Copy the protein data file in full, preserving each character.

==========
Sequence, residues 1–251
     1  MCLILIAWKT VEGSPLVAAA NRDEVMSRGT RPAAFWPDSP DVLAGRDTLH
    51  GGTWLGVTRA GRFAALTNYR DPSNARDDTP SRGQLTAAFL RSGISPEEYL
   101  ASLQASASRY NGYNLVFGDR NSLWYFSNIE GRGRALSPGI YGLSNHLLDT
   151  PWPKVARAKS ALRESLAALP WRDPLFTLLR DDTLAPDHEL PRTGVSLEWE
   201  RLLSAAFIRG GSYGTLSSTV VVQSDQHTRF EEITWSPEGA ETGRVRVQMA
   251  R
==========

Sequence, residues 1–251
     1  MCLILIAWKT VEGSPLVAAA NRDEVMSRGT RPAAFWPDSP DVLAGRDTLH
    51  GGTWLGVTRA GRFAALTNYR DPSNARDDTP SRGQLTAAFL RSGISPEEYL
   101  ASLQASASRY NGYNLVFGDR NSLWYFSNIE GRGRALSPGI YGLSNHLLDT
   151  PWPKVARAKS ALRESLAALP WRDPLFTLLR DDTLAPDHEL PRTGVSLEWE
   201  RLLSAAFIRG GSYGTLSSTV VVQSDQHTRF EEITWSPEGA ETGRVRVQMA
   251  R